About six months have passed since the initial outbreak of the infection and London has been so reduced in population and utilities that running water, 24-hour electricity, and a single pub are all bragging points on the kids' train ride into town. When Andy and Tammy reunite with their parents, the Rage virus has already had an effect on the family unit. And though the various government agencies monitoring the area proclaim the infection has run its course, would it really be a movie if that was the case?

Adding a new dimension to the proceedings is the presence of American-led military forces, who upon the order of a "Code Red", are instructed to terminate all citizens, whether they're infected or not. In addition to the ubiquitous hate-filled, blood-spitting threat, our protagonists must now avoid rooftop snipers, enforced borders, and deadly, helicopter-dispatched servings of gas and fire. Of course, the extreme actions reasonably serve a greater good, but they still stand as opposition to Andy and Tammy, who are separated from their family and join forces with Major Scarlet (Rose Byrne), a medic believing the children may possess unique immunity to the virus, and the repentant, armed Sgt. Doyle (Jeremy Renner).

Sympathetic American soldiers Sgt. Doyle (Jeremy Renner) and Maj. Scarlet (Rose Byrne) play surrogate guardians to the two Harris children. Scarlet leads Andy and Tammy through a darkened, abandoned London train station.

Much like the first film, this worthy successor is a wild ride. Terror lurks around every corner and rises to the surface for blood-soaked sequences. These are once again amplified by an intense visual style that presents infected invasions with frantic, jumpy pacing and all-angles camera work. There are plenty of genuine scares and also a number of fake-outs. With limb-chopping helicopters, head-exploding shotgun fires, and blood in every imaginable shade of red, the imagery is brutal and wince-inducing to be sure. At no point, however, does it feel cheap or exploitative. Instead, the film remains story and character-oriented while being sure to deliver violent thrills to those looking just for them.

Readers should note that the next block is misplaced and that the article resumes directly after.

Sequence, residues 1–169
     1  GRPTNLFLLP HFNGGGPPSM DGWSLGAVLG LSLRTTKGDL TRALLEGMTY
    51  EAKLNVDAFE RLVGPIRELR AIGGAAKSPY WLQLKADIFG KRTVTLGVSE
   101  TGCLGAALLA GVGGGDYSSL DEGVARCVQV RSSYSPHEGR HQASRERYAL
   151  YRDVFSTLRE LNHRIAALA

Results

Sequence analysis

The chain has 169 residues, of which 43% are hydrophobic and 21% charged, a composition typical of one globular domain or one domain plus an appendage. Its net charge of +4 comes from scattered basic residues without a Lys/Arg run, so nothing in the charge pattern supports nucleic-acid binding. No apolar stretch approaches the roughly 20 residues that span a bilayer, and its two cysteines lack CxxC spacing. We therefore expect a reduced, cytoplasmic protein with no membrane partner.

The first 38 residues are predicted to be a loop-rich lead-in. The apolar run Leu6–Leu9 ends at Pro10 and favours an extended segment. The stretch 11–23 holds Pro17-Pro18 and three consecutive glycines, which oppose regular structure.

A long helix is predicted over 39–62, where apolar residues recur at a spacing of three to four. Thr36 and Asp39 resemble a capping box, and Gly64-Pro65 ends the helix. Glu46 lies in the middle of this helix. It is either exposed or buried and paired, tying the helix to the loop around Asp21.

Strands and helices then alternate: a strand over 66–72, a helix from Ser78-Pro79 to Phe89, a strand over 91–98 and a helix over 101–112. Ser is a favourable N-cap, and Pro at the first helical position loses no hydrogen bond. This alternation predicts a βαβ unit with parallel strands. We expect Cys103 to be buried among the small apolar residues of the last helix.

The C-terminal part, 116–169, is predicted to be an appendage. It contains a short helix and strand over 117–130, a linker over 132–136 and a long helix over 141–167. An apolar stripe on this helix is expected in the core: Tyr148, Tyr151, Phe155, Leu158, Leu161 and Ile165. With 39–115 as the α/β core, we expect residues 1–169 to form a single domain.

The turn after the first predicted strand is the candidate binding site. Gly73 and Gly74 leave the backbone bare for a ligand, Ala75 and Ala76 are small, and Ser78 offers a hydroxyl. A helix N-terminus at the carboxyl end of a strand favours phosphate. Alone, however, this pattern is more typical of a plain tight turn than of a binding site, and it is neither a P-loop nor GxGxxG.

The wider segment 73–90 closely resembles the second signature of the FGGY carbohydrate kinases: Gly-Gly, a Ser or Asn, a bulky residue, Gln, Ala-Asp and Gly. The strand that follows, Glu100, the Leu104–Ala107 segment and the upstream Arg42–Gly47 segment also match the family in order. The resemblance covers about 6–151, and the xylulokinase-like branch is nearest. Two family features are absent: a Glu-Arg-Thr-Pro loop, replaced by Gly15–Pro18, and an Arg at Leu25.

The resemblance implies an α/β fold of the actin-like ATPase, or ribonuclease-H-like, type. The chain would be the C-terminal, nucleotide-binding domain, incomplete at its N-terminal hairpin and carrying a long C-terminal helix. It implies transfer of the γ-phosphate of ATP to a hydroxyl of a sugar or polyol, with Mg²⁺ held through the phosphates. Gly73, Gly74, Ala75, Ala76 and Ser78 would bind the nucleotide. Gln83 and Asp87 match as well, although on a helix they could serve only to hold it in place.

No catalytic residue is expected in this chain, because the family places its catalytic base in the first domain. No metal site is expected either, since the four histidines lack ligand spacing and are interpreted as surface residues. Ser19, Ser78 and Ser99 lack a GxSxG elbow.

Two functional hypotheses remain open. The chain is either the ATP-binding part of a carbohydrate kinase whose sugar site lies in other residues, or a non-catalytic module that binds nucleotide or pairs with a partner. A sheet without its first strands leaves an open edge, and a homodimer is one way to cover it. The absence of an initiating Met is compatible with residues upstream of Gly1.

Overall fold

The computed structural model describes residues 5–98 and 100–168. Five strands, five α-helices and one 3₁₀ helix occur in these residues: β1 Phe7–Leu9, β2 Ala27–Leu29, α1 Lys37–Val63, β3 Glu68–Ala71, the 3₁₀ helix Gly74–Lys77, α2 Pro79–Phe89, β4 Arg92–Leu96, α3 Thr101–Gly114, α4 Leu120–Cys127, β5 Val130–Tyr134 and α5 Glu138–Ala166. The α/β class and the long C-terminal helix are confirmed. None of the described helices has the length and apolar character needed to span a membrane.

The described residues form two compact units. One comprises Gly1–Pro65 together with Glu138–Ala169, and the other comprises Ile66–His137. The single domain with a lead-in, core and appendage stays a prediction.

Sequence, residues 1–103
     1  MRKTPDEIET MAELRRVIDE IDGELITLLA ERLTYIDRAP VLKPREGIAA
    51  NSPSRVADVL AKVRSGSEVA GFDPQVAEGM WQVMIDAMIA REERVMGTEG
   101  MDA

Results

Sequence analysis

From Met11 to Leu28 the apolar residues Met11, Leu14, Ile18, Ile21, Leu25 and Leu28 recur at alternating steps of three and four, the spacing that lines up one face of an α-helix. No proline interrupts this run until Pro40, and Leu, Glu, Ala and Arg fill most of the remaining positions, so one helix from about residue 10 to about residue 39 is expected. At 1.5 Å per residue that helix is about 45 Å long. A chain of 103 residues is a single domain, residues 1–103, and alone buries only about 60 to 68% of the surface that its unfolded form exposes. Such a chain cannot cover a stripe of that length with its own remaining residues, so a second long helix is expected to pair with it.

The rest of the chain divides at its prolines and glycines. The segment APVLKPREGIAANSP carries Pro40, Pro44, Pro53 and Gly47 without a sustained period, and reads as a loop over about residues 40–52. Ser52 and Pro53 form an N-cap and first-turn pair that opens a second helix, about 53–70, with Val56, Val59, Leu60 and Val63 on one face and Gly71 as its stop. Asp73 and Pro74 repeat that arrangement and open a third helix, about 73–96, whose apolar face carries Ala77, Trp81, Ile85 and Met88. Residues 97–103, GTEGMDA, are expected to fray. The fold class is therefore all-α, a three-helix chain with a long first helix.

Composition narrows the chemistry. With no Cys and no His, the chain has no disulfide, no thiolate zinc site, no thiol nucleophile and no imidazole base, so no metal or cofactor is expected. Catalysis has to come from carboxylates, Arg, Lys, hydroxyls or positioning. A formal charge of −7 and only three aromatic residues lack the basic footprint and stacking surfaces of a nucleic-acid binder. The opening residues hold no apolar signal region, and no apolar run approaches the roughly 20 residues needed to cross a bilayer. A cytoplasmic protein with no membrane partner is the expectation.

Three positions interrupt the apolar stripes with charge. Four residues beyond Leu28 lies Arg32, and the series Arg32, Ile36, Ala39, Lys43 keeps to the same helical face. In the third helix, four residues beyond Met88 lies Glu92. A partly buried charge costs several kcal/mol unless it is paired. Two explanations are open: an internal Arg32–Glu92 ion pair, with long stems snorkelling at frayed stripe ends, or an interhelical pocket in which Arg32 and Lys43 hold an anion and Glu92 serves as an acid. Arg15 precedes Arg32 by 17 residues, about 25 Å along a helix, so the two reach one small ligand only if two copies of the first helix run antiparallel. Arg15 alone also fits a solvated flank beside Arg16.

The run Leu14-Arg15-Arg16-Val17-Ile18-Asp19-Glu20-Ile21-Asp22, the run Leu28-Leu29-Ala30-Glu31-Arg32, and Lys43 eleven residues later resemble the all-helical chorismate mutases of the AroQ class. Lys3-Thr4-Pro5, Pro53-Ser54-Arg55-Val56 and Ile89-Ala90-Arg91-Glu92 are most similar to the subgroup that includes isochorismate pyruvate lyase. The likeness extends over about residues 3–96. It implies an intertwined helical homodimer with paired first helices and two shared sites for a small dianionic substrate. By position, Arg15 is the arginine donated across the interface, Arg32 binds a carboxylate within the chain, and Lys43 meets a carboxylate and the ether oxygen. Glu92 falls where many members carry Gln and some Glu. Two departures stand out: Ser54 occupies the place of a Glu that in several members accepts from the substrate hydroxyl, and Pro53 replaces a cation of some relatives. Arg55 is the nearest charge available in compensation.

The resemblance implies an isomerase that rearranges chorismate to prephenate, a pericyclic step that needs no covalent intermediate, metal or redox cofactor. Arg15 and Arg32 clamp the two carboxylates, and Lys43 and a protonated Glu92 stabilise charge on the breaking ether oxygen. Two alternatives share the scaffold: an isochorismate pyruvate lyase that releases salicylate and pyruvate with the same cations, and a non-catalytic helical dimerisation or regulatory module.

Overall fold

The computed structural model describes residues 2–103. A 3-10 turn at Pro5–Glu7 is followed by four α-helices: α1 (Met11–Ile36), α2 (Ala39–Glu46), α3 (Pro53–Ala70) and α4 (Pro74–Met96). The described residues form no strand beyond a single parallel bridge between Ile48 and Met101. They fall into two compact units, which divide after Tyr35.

Horror films rarely produce thought-provoking ideas. It's not that they should or shouldn't, it's just that their design makes scaring viewers and finding a logic to unify the frightening moments higher on the priority list. By no accident, this sequel manages to generate feelings beyond fear, just as 28 Days did earlier. Characters elicit sympathy without the script resorting to manufactured subplots or tacky exposition. Family bonds are felt without manipulation or maudlinness. One can even find substance in the settings. The views of barren England are as evocative as before and the minimalist, alive London in its early phases of reconstruction is perhaps even more compelling. There's a genuineness to it all that makes one feel this truly is how order would render a rebuilding process in the wake of a terrible tragedy. Likewise, if the pointed portrayal of American armed forces is both simplistic and mildly offensive, it underscores the reality of military figuring into today's terrorism-fearing times.

Most viewers of 28 Weeks Later won't comment upon such things, but I think that even if the characteristics aren't fully observed, they're felt and serve to enhance the film. I appreciate how Weeks plays with many of the same themes and feelings of its predecessor without feeling repetitive. Too often, sequels rely on either simple twists or step-by-step revisitation. This one does neither and ends up both a satisfying and self-standing follow-up.

Buy 28 Weeks Later on DVD from Amazon.com DVD Details

1.85:1 Anamorphic Widescreen